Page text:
URGENT: Action & Sign on Letter to Oppose CIR Deportation Provisions Based on Allegations of Gang Membership

To oppose deportation provisions and amendments in the Senate Immigration Bill (S. 744) targeting those alleged to be gang members, please:

1. Sign your organization (no individuals) to the letter here.

Sign-ons DUE by TOMORROW, May 15, 5 p.m. Eastern.

2. Call your senators Wednesday, May 15th and Thursday, May 16th (see action alert below):


(1) Ask the Senate Judiciary Committee to OPPOSE Grassley Amendment #43 which seeks to replace Section 3701 of S. 744’s gang deportation and ineligibility provisions for suspected gang members. This amendment will further increase racial profiling, increase targeting of youth of color and lead to the separation of families.

(2) Ask the Senate Judiciary Committee to ELIMINATE the new grounds of deportation and ineligibility (Sec. 3701) for suspected gang members.

What does Grassley #43 amendment do?

This amendment replaces and worsens the Senate bill’s 744 provisions regarding gang membership disqualification bars to legalization and deportation for those with lawful status by creating a new broad definition of criminal street gang and substantially increasing the burden of proof on a person to prove he did not know or reasonably should have known about the gang. A person would be permanently blocked from legal status and/or deported if the person falls within this new amendment. This amendment will target people who never committed any crimes whatsoever and who have obeyed all of our laws. The Los Angeles Times editorial board recently criticized the far–reaching provisions of this amendment.

Section 3701 of Senate bill S. 744 also contains new egregious deportation and disqualification bars for suspected gang members. Even though there is no sponsor for an amendment to eliminate Section 3701 of the Senate Bill, we ask that you call for the elimination of these existing provisions.

Background information is below.

What you need to do THIS WEEK, May 14-May 16:

The SJC needs to hear from you about the impact that Grassley Amendment #43 will have on our youth and families. Please focus your call on members of the Senate Judiciary Committee who are in bold. Below is a sample script. Staff will be reporting on the number of calls for and against each amendment to the Senators, so it is important to start calling TODAY, and increase call-in efforts on Thursday, May 16th.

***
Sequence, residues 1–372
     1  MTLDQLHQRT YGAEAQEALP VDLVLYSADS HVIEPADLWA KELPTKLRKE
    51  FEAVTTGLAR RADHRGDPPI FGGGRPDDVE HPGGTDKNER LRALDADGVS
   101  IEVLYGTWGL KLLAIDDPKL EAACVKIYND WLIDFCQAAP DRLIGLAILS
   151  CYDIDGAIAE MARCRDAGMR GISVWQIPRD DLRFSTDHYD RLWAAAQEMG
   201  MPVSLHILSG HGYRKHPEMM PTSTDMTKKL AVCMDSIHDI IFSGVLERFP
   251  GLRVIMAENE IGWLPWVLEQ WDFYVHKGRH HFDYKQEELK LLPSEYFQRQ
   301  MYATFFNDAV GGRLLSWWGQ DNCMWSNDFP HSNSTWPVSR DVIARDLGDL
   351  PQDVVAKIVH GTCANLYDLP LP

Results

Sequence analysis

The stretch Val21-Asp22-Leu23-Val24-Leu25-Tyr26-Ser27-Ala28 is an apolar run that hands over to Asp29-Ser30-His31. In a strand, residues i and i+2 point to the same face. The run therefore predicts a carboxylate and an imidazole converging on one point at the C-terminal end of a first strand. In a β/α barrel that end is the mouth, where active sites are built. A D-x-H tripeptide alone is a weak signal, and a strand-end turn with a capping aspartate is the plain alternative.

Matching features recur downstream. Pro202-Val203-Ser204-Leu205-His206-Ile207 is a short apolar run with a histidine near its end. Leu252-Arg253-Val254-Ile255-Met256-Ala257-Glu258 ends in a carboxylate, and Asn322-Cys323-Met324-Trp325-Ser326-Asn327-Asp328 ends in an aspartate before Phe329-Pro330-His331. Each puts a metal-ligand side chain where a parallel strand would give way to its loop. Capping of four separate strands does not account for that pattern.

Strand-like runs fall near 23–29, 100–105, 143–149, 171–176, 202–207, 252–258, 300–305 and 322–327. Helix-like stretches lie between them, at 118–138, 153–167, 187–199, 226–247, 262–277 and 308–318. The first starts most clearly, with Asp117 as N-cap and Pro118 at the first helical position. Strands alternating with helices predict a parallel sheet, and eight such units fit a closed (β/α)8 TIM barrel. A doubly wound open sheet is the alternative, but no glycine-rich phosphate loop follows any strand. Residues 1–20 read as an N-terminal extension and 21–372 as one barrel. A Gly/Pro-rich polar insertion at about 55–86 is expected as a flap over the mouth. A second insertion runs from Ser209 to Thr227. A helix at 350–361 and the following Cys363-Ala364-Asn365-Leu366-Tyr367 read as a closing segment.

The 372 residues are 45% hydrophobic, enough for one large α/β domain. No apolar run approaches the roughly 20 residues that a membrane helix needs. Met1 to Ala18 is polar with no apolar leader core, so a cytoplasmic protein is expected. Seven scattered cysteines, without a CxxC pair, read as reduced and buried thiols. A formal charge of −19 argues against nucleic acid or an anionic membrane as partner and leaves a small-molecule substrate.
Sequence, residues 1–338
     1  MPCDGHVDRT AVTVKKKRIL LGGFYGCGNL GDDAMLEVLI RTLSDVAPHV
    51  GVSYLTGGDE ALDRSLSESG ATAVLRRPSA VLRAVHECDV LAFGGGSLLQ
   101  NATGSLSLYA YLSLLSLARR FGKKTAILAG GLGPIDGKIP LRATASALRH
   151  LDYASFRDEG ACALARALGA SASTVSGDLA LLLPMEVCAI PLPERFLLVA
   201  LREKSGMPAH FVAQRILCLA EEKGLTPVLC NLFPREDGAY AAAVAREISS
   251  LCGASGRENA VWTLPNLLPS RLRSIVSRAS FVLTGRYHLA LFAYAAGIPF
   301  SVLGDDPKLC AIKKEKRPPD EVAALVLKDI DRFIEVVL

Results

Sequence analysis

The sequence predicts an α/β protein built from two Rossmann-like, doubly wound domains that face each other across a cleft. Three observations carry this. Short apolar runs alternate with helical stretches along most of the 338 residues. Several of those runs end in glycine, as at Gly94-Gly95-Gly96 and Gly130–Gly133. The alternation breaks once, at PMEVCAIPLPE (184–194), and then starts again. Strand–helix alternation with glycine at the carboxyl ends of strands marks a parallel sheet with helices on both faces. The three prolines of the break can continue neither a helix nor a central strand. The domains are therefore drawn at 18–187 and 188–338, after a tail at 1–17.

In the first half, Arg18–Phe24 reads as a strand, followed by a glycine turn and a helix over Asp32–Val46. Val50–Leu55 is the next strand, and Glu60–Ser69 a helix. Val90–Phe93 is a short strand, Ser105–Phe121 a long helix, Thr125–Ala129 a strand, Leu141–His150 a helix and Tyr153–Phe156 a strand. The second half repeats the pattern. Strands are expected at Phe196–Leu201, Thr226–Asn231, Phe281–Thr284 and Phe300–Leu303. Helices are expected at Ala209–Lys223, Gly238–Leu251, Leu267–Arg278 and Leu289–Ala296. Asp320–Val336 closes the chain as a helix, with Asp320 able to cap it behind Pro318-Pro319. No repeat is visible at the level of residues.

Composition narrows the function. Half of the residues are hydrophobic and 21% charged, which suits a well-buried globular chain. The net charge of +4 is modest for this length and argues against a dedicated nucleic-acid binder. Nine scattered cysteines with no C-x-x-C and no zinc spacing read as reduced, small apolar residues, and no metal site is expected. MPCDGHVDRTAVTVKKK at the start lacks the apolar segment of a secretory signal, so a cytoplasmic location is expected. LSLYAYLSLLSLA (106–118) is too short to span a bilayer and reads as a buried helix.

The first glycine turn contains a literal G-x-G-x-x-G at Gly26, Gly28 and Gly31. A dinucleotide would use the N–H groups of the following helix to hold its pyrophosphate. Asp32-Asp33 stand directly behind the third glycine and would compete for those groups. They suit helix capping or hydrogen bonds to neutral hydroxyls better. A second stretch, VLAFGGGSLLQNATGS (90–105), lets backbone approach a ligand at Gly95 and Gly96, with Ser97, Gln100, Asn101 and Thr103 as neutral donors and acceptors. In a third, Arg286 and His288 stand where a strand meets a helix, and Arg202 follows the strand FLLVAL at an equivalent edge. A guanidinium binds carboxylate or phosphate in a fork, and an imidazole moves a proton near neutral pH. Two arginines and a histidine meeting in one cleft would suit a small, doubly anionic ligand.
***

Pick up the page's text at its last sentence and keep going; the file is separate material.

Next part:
Sample Script: “I am calling to ask Senator _ [name of Senator]_ to oppose Grassley Amendment #43 that relates to suspected gang membership. This amendment would punish mere “membership,” and is nothing more than guilt by association. There is no way to challenge the evidence being used to prove membership and it unfairly places the burden on the noncitizen to prove that he should not have known that the organization was a gang. This will lead to racial profiling, the increased targeting of youth and further separation of families.

Also, I object to Sec. 3701 gang removability grounds and the legalization ineligibility provisions in S. 744 because they are overbroad. We request that members of the Senate Judiciary Committee reconsider these new gang removability provisions and seek to eliminate it.”

Senator Leahy: 202-224-4242
Senator Feinstein: 202-224-3841
Senator Whitehouse: 202-224-2921
Senator Klobuchar: 202-224-3244
Senator Durbin: 202-224-2152
Senator Schumer: 202-224-6542
Senator Franken: 202-224-5641
Senator Blumenthal: 202-224-2823
Senator Coons: 202-224-5042
Senator Hirono: 202-224-6361
Senator Lee: 202-224-5444
Senator Hatch: 202-224-5251
Senator Cornyn: 202-224-2934
Senator Flake: 202-224-4521
Senator Sessions: 202-224-4124
Senator Graham: (202) 224-5972
Senator Cruz: (202) 224-5922
Senator Grassley: 202-224-3744

BACKGROUND: What is wrong with having new gang deportability grounds?

It would be disastrous for youth, particularly for youth of color and those who live in communities with a high concentration of gangs.

This kind of dragnet approach targets the wrong people and risks deporting and separating from their families individuals who are not gang members. Young people living in “bad” neighborhoods will certainly be vulnerable. Moreover, these provisions do not adequately protect people who have left gangs and have stable and productive lives.
These proposals impose guilt by association and collective punishment by targeting people not for their own individual culpable conduct, but for their associations with groups considered to be dangerous. For example, this provision could impact a person who resides with or associates with a family member known to be in a gang or lives in a neighborhood where there is a high concentration of gangs.

These proposals will likely exacerbate racial profiling and bad police practices because the Department of Homeland Security will likely rely on heavily criticized gang databases or gang injunctions to assess membership or gang activity. Often, these law enforcement tools label a person as a “gang member” for living in a neighborhood where there is a high concentration of gangs or living with a family member who is a gang member.

These proposals make it very difficult to challenge and correct mistakes of misidentification. Gang databases face mounting criticism for their use of inconsistent definitions, improper documentation procedures and inadequate review. A person can be in a gang database without ever knowing about it, and most gang databases do not have accessible mechanisms for individuals to be removed from the database.

These proposals diminish public safety in communities that experience gang violence. Individuals will be less likely to report crimes and gang violence in their communities because they will fear that any interaction with law enforcement will lead to deportation.